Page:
Art Deco was an international movement that had a variety of influences, innovative and decorative. There were several drivers behind the movement. The post WWI generation, the invention of new and improved materials as well as the advances in providing an electricity infrastructure. It was a dominant force in urban construction providing a new city or townscape. The modular form allowed for large buildings that went upwards and outwards (e.g., the Empire State building of 1931 in New York and the Hoover Building of 1932 in London).

Art Deco was not an exclusive art and architecture of the elite. It also belonged to those who could not afford to stay in the hotels of Miami beach, modular mansions, or have a Poirot-like lifestyle. Ordinary folk could experience the glamour of the art and architecture in the new monuments of the age – cinemas.

It must have seemed so glamourous when the Gaumont Palace gala opening on the 11th of July 1932. The film shown was Sunshine Susie, a 1931 British musical comedy starting Renate Muller, Jack Hulbert, and Owen Nares. It was the voted the best British film of 1932. This was the ‘talkies’ coming to Taunton! The grand opening was performed by the Taunton Mayor – Councillor WE Maynard JP. He was assisted by the glamourous musical star of the day – actress, singer and dancer, Miss Jessie Matthews.

The Art Deco movement was not developed by famous architects stamping their own form of style. The centre stage is taken by the buildings themselves. Often the size of the buildings lends themselves to the talents of engineers. The architect of Taunton cinema was Mr William T. Benslyn of Birmingham. He also designed the Gaumont Palace in Chester, Birmingham, and Smethwick (Staffs.).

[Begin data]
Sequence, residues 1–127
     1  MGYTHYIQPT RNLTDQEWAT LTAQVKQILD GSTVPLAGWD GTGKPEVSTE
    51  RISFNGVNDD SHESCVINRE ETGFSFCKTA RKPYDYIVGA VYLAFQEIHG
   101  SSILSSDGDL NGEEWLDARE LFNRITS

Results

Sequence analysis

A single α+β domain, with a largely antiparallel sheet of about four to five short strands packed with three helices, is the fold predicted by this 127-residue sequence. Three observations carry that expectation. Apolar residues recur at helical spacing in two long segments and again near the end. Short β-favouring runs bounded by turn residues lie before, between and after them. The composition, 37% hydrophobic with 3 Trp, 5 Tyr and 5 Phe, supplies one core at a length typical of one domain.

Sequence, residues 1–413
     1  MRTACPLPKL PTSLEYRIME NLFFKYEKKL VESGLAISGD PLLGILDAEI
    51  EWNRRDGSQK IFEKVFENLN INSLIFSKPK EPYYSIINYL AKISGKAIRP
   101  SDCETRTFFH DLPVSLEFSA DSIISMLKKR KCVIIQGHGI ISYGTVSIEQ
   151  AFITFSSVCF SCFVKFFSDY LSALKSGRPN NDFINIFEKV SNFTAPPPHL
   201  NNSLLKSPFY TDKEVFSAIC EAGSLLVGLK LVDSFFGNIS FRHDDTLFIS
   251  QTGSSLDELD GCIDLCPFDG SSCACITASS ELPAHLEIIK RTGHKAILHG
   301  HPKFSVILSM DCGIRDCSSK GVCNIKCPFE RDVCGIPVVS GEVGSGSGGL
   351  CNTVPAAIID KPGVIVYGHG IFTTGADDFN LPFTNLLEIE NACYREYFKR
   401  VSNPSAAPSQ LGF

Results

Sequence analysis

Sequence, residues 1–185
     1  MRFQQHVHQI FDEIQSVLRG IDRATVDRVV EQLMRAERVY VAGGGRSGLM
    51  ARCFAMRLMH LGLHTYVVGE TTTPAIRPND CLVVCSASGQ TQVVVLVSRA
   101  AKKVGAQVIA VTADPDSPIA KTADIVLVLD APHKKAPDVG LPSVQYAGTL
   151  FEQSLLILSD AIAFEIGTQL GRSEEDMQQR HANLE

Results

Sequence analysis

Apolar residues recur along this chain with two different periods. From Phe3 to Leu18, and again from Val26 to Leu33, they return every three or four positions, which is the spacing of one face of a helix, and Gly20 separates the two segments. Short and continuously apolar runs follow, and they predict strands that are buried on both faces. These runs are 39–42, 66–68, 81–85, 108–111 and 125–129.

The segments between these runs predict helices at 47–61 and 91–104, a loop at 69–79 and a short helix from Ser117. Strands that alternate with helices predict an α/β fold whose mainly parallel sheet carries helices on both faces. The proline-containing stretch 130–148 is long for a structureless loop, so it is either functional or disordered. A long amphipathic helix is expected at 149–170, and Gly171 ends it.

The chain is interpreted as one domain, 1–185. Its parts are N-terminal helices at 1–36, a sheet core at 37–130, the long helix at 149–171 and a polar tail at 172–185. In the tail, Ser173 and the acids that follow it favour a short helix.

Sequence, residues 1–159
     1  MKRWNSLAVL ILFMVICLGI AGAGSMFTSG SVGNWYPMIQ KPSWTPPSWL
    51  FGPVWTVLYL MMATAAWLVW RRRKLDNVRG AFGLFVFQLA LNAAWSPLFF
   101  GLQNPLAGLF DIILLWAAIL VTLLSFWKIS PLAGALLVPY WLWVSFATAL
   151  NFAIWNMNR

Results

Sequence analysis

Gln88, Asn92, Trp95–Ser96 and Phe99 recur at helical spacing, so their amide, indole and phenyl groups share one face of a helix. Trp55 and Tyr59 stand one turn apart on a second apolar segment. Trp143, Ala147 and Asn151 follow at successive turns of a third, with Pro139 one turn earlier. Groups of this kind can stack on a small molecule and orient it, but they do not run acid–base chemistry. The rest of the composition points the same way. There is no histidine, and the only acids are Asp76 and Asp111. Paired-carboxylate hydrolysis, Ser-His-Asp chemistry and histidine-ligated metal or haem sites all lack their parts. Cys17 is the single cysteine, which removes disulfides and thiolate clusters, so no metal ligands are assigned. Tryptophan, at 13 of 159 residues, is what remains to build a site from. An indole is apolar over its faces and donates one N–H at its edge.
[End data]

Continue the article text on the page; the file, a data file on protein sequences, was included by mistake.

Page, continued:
The Taunton cinema has steel-girder frame with a brick cladding. The brick bond is English garden wall. Benslyn was aware of the local Ham hill stone and used it for stone columns. Travertine and Ancaster limestones have also been employed as stone dressings at the entrance.

Bricks laid in English Garden Bond

Ham hill stone columns. Steps of Ancaster stone and travertine.

There is a covered part to the side entrance for people to queue for the cheaper seats. The cinema capacity was built for 1476 people.

‘Love and Life entangled in the Film’ by Newbury A Trent.

Foyer has a coffered ceiling and frieze incorporating relief panels of golden nymphs. These nymphs represent land and sea. They were designed by A. Hinton. The other panels are different forms of a quatrefoil design. The cornice has a repeating swirling overlapping scroll pattern. Possibly based on the Vitruvian scroll.

Grille in foyer with fountain-head motifs.

The staircases leading to the balconies – small columns at their base.


In the auditorium towers of fountain ornaments, decreasing in scale going upwards. The number of fountain heads also reduces the further back in the auditorium the blocks go. There is a scroll motif at the base. The balcony has a frieze of fountain heads and alternating scroll motif. The columns holding up the balcony and forming an ambulatory have lotus-leaf capitals. The ambulatory frieze is also of a lotus-leaf relief.

The ceiling of the auditorium is highly ornate and coloured. It is reminiscent of the elaborate plasterwork decoration of a grand room in a 19th C country house. The colours are bright and varied. They are somewhat reminiscent of the Miami beach colours of Art Deco, although much more vibrant.

Stage – where the film would have been screened.


Rear of cinema – Imitation of a Gothic niche that might be found on the exterior of a church or cathedral.

Small square windows with grilles. Brickwork pilasters, moulding and imitation of windows to break up the expanse of plain brick. Almost giving it the idea of a clerestory in a cathedral.


Bayer, Patricia, Art Deco Architecture: Design, Decoration and Detail from the Twenties and Thirties (London: Thames & Hudson, 1992)

‘Top Rank Bingo Club, Corporation Street’, Historic England List Entry 1116707, (1995), [accessed 11 Dec 21]